At Macy’s, executives say they have taken significant steps to stem the financial fallout in recent weeks. The retail giant has canceled orders, frozen hiring and spending, and suspended dividend payouts to investors. It also has delayed bonuses and 401(k) matches for workers. Macy’s executives will take temporary pay cuts beginning in April, while Jeff Gennette, Macy’s chairman and chief executive, is forgoing pay until the crisis subsides.
The nation’s largest department store chain closed all 775 Macy’s, Bloomingdale’s and Blue Mercury stores on March 18, which basically leaves the company online sales. "We have lost the majority of our sales due to the store closures,” it said in a statement Monday.
“The floodgates are wide open,” said Mark Cohen, director of retail studies at Columbia Business School and the former chief executive of Sears Canada. “Now that the pipe dream of an Easter opening is over, companies are trying to figure out how to protect their ability to come out of this when it’s all over, whenever that might be.”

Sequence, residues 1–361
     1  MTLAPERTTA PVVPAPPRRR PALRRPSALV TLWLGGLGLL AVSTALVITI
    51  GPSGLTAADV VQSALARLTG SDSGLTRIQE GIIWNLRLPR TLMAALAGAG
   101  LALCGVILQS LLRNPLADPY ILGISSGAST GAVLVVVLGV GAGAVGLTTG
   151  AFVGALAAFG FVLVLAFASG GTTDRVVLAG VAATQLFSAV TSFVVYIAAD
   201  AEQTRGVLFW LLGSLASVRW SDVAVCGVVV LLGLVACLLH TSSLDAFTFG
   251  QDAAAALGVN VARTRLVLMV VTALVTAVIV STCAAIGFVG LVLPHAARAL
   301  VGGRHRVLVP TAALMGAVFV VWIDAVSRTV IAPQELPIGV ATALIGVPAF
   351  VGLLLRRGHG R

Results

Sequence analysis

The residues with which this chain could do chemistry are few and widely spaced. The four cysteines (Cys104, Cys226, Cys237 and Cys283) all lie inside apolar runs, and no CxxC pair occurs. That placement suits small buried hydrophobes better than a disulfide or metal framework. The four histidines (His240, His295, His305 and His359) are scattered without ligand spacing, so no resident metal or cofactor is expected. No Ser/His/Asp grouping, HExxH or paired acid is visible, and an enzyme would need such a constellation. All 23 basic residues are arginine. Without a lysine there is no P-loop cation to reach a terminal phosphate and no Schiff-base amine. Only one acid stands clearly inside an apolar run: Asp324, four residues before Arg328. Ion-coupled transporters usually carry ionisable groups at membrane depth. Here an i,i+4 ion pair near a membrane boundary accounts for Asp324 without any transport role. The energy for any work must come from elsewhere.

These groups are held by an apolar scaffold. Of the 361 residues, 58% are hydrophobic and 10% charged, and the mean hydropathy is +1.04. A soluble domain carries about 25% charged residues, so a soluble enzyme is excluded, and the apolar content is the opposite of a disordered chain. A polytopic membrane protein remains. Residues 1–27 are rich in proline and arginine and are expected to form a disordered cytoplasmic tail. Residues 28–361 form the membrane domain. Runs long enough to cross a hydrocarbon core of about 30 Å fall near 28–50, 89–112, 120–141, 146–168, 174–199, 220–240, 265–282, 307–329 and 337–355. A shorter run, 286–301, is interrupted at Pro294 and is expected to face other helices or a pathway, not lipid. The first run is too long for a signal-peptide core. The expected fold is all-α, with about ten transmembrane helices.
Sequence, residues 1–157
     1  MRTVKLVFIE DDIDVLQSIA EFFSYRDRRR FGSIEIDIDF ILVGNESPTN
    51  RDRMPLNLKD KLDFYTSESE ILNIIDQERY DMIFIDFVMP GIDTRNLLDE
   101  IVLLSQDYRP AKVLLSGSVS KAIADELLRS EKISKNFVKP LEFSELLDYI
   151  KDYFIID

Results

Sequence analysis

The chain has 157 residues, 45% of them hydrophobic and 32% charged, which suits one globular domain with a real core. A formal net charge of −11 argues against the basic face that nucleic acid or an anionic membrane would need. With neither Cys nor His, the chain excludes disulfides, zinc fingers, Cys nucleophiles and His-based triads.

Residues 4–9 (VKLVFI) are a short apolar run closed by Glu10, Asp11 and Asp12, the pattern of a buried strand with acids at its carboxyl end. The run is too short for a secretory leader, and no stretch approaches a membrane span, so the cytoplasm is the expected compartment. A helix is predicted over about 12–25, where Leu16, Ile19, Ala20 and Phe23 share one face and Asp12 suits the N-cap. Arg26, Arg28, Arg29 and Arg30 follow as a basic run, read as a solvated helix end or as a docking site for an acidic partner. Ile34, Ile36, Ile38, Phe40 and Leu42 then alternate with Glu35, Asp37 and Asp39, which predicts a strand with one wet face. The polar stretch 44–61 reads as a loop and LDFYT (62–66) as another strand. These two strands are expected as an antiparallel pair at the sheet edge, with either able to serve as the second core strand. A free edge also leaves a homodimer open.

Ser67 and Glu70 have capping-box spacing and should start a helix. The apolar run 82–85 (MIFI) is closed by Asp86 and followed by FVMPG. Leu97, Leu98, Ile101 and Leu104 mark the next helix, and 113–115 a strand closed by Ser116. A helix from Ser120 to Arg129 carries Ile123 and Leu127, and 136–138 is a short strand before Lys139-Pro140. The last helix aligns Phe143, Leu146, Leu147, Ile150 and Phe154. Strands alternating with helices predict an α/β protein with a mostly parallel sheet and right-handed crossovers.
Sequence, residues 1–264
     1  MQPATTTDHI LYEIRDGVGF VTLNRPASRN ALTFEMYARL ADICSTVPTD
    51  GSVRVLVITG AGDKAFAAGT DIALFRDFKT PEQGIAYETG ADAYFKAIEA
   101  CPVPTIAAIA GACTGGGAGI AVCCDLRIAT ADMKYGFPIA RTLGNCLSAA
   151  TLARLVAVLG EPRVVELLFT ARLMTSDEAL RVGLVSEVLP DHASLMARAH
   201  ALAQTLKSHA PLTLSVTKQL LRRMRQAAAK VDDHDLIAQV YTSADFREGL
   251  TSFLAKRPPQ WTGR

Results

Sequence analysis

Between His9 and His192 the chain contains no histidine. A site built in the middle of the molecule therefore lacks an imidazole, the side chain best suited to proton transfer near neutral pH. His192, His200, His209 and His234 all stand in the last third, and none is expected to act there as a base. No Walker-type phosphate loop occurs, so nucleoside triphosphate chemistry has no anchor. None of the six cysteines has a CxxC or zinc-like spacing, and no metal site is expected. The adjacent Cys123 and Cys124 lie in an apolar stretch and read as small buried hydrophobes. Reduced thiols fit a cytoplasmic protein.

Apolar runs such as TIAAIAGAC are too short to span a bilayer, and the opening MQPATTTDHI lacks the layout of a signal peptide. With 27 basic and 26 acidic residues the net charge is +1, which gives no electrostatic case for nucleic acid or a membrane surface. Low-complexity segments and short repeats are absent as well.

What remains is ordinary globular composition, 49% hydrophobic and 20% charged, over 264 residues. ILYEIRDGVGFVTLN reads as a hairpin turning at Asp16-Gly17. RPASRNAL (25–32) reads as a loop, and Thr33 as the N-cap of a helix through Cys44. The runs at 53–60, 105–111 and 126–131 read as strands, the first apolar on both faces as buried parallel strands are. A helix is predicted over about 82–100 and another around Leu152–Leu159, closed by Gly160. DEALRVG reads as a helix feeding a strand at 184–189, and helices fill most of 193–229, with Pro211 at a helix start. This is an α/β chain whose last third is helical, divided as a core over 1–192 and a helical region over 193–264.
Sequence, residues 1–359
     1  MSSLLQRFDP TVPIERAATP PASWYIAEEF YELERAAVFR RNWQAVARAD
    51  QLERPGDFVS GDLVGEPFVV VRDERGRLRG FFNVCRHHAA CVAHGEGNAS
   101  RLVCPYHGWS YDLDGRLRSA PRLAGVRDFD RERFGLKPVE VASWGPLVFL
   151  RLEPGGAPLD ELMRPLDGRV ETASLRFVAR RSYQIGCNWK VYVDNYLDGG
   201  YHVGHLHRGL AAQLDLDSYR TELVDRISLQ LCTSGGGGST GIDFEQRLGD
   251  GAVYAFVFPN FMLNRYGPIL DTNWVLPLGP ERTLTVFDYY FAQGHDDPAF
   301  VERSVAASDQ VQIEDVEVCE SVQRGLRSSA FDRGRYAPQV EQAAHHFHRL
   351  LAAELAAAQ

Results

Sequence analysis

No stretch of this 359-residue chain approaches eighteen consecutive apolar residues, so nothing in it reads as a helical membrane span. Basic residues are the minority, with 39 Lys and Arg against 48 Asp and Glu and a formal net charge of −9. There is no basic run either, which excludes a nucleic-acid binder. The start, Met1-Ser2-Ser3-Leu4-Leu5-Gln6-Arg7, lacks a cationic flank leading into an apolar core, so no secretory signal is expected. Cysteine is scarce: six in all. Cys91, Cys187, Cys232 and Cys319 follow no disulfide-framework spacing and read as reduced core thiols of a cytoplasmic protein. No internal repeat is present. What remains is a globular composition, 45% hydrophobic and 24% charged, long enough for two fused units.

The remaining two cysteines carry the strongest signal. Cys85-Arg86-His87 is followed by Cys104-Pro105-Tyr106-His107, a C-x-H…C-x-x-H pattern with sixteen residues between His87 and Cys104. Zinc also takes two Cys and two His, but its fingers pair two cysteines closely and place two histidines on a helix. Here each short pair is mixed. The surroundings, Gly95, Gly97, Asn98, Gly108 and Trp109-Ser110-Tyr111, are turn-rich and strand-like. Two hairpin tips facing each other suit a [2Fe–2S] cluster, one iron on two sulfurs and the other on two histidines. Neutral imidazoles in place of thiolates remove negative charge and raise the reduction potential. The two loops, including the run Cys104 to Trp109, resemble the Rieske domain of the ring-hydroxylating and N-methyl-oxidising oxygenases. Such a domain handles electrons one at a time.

Macy’s said it will keep “the absolute minimum workforce” for streamlined operations, with a focus on its digital business, distribution centers and call centers. Furloughed employees will continue to receive health insurance at least through May. Macy’s said it expects to bring back employees “on a staggered basis as business resumes," though analysts say the pandemic is likely to result in permanent shifts in the way these company operate long term.
Gap and Kohl’s also announced Monday that they will furlough the majority of their U.S. employees this week as store closures stretch into April. The two retailers, which employ a combined 251,000 workers, said the measures are part of a broader reckoning. Kohl’s is cutting expenses by roughly $500 million, while Gap plans to lay off corporate employees and cut executive pay. Gap also owns Banana Republic and Old Navy brands.
Abigail Portis, who has been working at Banana Republic for almost two years, was furloughed by email Monday. The message from Gap’s corporate office said store workers will no longer be paid, and encouraged them to apply for unemployment benefits.
It was just the latest round of bad news for the 20-year-old, who two weeks ago was laid off from her other part-time job at a local clothing boutique in Tucson.
“This is like a double whammy for me,” said Portis who is looking forward to the $1,200 in federal help expected to come in April. “I don’t know what I’m going to do next. There’s a total job freeze here. Everything is shut down.”
Smaller companies are being affected, too: Shoe retailer Steve Madden on Monday said it will furlough a “significant” number of its employees and cut executive pay as part of a wide-ranging plan to cut costs.
Jacob Bogage contributed to this report.